The effect of cation addition on the settling and dewatering properties of an industrial activated sludge

TR Number



Journal Title

Journal ISSN

Volume Title


Virginia Tech


The purpose of this research was to examine the impact of cation addition on an industrial activated sludge system and to determine the applicability of the findings of a previous VPI&SU doctoral student (Higgins, 1995) to this industrial sludge. From this research, the implications on the full-scale industrial wastewater treatment system could be postulated.

The addition of sodium and potassium to the feed stream of a laboratory-scale activated sludge system improved sludge volume index (SVI), but produced high supernatant solids. Sodium addition resulted in weak flocs and a deterioration in sludge dewatering. Potassium addition also resulted in poor sludge dewatering but did not significantly affect floc stability. The addition of magnesium improved SVI, supernatant solids, and floc stability, but did not significantly affect sludge dewatering.

Increasing the monovalent/divalent cation ratio in the reactor feed stream, reduced SVI but produced high supernatant solids. The soluble and bound extracellular protein content was observed to increase with as this ratio increased. No trend was observed with soluble or bound extracellular polysaccharide content. Batch addition of both calcium and magnesium improved sludge settling and dewatering, although this effect was not observed when sludge with low extracellular polymer content was examined.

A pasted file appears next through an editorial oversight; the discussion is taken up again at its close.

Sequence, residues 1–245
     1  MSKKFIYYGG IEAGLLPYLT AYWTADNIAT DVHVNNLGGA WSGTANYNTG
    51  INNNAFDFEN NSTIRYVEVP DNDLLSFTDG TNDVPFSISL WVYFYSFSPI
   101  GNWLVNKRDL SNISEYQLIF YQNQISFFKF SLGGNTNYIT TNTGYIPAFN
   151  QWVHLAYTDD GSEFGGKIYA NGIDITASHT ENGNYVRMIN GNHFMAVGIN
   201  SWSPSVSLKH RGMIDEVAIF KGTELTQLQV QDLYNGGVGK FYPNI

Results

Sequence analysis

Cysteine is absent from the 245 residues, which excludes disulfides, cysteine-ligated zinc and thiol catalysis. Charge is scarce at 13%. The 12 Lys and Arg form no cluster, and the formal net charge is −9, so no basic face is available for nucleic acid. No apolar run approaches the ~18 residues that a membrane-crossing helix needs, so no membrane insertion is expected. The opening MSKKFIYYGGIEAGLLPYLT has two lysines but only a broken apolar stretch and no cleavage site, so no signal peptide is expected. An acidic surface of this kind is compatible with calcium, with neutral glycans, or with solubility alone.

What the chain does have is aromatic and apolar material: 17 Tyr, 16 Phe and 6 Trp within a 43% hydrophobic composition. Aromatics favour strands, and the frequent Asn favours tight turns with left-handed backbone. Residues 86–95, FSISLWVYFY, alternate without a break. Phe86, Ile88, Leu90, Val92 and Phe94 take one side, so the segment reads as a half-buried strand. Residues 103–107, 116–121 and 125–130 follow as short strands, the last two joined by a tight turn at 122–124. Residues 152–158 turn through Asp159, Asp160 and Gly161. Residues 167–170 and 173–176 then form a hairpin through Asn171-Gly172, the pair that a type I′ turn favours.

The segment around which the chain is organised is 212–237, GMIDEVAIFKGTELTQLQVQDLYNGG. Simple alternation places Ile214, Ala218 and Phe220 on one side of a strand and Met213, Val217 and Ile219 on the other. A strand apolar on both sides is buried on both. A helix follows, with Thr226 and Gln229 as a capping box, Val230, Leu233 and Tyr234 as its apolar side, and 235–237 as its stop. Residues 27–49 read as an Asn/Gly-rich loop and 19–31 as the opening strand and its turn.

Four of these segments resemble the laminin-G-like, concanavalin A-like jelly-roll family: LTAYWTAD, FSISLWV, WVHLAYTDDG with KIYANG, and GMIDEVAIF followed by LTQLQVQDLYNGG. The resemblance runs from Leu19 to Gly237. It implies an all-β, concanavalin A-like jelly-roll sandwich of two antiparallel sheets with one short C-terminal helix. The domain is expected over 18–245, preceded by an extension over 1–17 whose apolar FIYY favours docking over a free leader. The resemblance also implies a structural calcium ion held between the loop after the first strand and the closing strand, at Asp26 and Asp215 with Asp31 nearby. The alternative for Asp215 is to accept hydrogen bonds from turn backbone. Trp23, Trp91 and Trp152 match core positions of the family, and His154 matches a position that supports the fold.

This research confirmed that the effect of cations on activated sludge properties is highly dependent on the feed wastewater composition and starting and operating conditions. This implies the need for laboratory or pilot-scale testing before the effect of cation addition on a given sludge can be determined. For the industrial sludge studied here, the addition of 7 to 12 mM magnesium produced the most desirable sludge characteristics including improved SVI, supernatant solids and floc stability.



extracellular polymer